Seville, Spain – For Lucas y Hernández-Gil, the Andalusian capital’s history is inhospitable. Seville’s architecture, emergent from no less than three UNESCO heritage sites, reveals the Islamic influences that arrived in the 16th and 17th centuries. However, through an explicit departure from this cultural heritage, the Madrid-based studio carves out a space for new restaurant Casaplata that is entirely its own.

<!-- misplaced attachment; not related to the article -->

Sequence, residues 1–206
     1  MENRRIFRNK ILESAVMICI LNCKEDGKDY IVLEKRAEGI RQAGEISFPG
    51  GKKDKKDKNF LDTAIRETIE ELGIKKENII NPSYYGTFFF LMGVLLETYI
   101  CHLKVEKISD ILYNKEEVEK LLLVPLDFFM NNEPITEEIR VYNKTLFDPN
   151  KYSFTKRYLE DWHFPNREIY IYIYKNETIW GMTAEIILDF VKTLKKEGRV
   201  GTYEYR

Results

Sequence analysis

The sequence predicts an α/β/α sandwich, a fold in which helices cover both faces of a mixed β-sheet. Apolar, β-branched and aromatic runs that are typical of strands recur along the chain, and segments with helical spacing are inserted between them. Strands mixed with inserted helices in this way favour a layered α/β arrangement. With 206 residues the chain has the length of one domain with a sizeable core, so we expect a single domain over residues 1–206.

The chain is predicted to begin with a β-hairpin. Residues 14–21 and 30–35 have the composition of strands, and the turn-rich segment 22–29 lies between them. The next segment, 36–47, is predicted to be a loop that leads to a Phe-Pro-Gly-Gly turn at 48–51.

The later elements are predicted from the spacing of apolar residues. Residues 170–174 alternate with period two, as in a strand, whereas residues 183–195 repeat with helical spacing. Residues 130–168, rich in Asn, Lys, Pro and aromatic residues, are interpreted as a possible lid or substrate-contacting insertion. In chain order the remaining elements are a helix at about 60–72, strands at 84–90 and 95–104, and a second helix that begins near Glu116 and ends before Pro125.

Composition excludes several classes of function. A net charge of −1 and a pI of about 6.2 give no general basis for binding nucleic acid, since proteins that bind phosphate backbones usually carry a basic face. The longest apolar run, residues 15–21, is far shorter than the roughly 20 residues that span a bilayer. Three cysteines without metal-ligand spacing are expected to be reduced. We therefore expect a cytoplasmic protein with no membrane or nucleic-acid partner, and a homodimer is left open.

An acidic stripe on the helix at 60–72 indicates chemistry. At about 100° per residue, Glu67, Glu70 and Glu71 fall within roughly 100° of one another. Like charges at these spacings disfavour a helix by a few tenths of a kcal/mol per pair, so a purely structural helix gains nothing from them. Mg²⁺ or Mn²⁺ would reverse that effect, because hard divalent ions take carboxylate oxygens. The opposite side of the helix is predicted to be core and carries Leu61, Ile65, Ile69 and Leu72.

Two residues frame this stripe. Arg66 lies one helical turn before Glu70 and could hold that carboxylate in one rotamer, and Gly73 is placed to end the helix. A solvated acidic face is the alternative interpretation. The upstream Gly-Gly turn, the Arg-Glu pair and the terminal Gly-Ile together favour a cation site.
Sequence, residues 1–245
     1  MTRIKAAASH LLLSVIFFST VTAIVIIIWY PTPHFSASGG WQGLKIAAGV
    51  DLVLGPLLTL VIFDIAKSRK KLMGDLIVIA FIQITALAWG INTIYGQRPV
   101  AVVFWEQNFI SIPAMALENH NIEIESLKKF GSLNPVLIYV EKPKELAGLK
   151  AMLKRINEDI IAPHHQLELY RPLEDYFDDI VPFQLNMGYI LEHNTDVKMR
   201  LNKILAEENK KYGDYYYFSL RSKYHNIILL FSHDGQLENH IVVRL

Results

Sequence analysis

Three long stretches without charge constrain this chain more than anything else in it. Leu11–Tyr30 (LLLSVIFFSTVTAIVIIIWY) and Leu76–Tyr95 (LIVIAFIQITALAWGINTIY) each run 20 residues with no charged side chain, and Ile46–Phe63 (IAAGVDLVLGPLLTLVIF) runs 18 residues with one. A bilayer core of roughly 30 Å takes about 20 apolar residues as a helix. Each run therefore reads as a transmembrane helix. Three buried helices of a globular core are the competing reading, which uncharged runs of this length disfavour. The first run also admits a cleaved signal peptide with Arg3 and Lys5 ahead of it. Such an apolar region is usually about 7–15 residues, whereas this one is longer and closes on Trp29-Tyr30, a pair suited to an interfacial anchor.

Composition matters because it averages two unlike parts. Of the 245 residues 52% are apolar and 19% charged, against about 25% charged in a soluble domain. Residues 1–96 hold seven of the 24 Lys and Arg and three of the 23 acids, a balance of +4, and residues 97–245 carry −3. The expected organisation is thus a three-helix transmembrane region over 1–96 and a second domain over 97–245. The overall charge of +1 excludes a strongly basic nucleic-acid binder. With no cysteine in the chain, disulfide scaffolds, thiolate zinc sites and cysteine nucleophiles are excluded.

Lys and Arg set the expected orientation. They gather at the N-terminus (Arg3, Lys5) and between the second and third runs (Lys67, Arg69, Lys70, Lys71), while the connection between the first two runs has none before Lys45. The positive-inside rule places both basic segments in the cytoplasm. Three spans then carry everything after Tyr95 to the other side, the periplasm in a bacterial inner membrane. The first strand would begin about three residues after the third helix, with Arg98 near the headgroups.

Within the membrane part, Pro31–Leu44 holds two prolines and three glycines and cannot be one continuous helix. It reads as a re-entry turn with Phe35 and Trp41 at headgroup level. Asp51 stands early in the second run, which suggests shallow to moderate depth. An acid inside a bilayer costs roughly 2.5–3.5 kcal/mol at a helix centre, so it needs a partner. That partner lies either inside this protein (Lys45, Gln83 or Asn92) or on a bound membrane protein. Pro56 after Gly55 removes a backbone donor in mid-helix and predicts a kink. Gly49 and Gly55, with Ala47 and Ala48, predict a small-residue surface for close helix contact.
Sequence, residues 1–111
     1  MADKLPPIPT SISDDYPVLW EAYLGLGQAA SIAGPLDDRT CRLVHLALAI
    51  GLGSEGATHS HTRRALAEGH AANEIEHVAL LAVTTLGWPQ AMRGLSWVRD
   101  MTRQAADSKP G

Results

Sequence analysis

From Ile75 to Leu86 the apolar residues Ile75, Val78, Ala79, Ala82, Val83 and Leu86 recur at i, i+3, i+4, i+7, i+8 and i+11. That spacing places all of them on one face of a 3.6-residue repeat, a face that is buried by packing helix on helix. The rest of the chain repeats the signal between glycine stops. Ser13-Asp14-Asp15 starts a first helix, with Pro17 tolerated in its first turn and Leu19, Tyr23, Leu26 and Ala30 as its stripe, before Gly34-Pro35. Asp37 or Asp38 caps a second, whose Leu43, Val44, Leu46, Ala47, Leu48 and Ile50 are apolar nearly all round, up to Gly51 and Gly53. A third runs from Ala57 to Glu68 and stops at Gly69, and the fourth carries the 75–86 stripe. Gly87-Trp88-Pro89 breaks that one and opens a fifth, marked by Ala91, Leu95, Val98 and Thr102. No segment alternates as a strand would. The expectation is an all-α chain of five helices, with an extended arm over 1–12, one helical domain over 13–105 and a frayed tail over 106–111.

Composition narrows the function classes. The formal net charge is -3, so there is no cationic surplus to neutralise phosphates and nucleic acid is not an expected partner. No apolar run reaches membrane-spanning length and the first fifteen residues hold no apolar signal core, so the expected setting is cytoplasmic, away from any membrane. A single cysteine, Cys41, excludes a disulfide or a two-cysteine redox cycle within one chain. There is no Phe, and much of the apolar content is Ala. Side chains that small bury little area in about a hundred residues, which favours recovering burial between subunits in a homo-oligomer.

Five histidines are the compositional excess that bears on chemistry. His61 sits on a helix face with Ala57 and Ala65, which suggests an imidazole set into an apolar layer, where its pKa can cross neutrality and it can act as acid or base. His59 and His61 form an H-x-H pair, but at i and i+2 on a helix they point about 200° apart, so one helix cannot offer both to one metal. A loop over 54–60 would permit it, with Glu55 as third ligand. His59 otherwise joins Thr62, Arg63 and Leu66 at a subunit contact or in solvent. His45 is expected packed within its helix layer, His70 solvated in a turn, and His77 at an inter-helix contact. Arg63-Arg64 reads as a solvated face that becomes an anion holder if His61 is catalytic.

Unadorned concrete becomes a canvas for the unmistakably contemporary character of the space. Over this canvas, Lucas y Hernández-Gil embeds a playful material palette – perforated-metal furniture and large circular light fixtures express a visual language free from local historical context. The furniture, designed by the studio, is grouped in colour tribes of vivid peach, blue and green. The subterranean styling of the unfinished wall surfaces is transformed in the evenings by a haze of neon pink, yellow and green lighting. Round mirrors and windows iterate the circular motif through the space, creating apparently infinite tunnels through the space.